Whether and to what extent you personally by into that ‘account’ of the underlying motives for the 2003 invasion of Iraq is, for the purposes of this article, immaterial. What matters here, and what needs to be understood, is not only emotions play a pivotal role in either reinforcing or overriding our innate ‘moral sense’* but that, as human beings, the very idea that emotions function in such a capacity is one that we find both familiar and are, instinctively, comfortable with. Hatred, fear, prejudice, paranoia, disgust, compassion and sympathy, to name but a few of the emotions that may be engaged in modulating our moral sense, in making conscious distinctions between right and wrong, are all things which make perfect sense to us as components of a moral judgement and a means by which we resolve moral dilemmas, even if its not 100% clear as to whether these emotions serve primarily to direct those judgement or function more as means of rationalising them. Either way these are motives we find comprehensible – and human – even if we consider that the conclusions to which they lead either ourselves, or others, may be questionable or just plain wrong, and this is why we are comfortable with them as a basis on which to assess an individual’s underlying motives.
* I should say, at this point, that I’m firmly of the view that as human beings we, universally, possess an evolved ‘moral instinct’, a kind of Rawlsian ‘black box’ that generates moral intuitions which, in turn, interact with our emotions and intellect in order that we might arrive at moral judgements. The arguments and evidence for the existence of such are faculty are, as you might expect, somewhat complicated and lie right at the cutting edge of ongoing research at the interface between evolutionary biology and cognitive neuroscience. You can get something of flavour of these developments from this short paper by Marc Hauser on Morality without Religion, but to fully appreciate Hauser’s arguments you really need to read his 2006 book ‘Moral Minds: How Nature Designed Our Universal Sense of Right and Wrong‘.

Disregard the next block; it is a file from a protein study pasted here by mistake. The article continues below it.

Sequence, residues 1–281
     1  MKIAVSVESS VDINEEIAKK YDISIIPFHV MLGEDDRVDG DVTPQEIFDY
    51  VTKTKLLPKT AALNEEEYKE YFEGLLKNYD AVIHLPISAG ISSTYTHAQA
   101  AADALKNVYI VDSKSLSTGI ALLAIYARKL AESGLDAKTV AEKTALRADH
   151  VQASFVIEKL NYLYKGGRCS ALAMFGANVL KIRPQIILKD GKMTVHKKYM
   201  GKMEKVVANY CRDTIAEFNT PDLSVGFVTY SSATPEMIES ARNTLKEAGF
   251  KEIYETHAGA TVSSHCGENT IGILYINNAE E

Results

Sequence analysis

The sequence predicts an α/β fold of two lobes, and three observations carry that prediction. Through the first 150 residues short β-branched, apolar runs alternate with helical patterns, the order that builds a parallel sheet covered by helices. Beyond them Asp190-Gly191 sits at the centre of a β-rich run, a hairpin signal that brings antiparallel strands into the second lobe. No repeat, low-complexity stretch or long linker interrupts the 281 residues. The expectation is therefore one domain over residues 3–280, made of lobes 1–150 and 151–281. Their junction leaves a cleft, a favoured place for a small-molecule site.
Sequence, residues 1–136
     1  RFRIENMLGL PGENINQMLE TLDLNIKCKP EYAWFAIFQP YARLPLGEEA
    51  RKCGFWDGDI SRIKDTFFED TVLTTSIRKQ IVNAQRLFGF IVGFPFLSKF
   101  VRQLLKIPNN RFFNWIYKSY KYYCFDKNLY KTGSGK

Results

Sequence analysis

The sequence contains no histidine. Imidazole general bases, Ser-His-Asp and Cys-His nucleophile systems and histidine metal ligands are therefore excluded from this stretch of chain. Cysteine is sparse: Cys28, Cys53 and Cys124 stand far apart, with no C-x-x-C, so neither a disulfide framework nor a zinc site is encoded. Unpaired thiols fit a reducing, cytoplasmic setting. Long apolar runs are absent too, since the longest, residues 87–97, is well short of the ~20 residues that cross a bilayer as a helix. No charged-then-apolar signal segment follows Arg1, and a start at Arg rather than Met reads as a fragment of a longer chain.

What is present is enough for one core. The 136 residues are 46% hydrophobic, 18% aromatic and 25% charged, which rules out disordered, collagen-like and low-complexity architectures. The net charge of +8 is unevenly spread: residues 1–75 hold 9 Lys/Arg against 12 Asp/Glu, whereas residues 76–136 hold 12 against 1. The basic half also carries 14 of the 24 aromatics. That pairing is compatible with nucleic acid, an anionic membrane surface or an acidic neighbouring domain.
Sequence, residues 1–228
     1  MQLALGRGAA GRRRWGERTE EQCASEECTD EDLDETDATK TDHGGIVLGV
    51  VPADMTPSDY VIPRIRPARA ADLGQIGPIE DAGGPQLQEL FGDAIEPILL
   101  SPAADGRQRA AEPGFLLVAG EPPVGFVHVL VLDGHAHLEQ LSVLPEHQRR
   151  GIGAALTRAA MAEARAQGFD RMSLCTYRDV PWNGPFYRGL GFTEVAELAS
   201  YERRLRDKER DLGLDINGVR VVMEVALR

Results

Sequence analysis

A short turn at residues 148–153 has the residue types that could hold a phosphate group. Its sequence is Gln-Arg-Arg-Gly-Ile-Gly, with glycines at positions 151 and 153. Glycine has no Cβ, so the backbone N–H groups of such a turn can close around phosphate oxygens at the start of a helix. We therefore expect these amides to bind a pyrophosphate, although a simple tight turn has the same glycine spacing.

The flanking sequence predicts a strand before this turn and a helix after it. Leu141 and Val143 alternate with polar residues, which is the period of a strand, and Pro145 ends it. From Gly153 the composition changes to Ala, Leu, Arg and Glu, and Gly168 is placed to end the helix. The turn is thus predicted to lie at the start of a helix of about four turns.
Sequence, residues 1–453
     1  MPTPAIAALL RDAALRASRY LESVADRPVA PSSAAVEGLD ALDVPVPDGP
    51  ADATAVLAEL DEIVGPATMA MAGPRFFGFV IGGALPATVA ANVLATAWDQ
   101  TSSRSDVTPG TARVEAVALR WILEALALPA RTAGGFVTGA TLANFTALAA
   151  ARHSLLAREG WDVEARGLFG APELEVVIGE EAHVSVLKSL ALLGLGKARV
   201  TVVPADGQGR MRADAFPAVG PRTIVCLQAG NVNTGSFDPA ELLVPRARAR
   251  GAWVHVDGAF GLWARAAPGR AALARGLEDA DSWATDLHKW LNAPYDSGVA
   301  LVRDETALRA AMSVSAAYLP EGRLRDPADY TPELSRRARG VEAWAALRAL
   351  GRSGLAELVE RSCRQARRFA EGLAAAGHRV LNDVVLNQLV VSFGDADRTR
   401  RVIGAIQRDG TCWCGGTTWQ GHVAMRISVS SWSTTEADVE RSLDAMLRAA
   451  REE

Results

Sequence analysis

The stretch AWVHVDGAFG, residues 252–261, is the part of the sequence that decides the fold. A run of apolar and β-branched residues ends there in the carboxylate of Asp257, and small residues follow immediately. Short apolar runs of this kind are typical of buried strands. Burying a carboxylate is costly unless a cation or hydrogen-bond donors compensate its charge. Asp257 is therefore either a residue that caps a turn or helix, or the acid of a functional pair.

What is discomforting and difficult to comprehend in Speer’s account of his role in organising, coordinating and facilitating the bureaucratic and industrial machinery of the Holocaust is the absence of any such emotions and, with them, of any sense of moral engagement in his actions. Had he expressed a hatred of Jews or even a sincere belief in the ideology of the Nazi Party in the course of his testimony his actions, while no less reprehensible and inhuman, would have been at least comprehensible, rending his conduct immoral rather than amoral.
We’ve digressed a long way from the primary issue of academic freedom as it may or may not apply to Holocaust denial and have some way still to go before we return to that issue, but we take this detour with good reason. Such a debate is not one that can be fairly engaged and assessed in the absence of an understanding of what make the Holocaust a unique event in human history, even by the standards of humanity’s general capacity for engaging in atrocity nor can one reasonable apply the principle of academic freedom to this issue without giving due consideration to the motives and intent that underpins the practice of Holocaust denial.
Context is a critical component of any such debate but all the more so in dealing with Holocaust denial and, in particular, with that strand of denial that seeks to minimise the significance of the death camps, generally, and Auschwitz-Birkenau in particular. What makes the Holocaust unique is the existential horror revealed in Speer’s testimony to the Nuremburg Tribunal, the amorality and nihilism of the bureaucratic and industrial machinery of the Nazi state as it pursued its ‘Final Solution’, and Auschwitz-Birkenau, with its railway siding, its ‘shower blocks’ and its storage facilities with their neatly folded piles of clothing, racks of shoes and containers of gold teeth is the tangible expression of that existential horror; each buttresses the other to the extent that if an true understanding and account of one is lost then both lose their existential force and the unique quality of the Holocaust would be lost. It would become nor more significant a historical event than any other of the many atrocities that punctuate human history.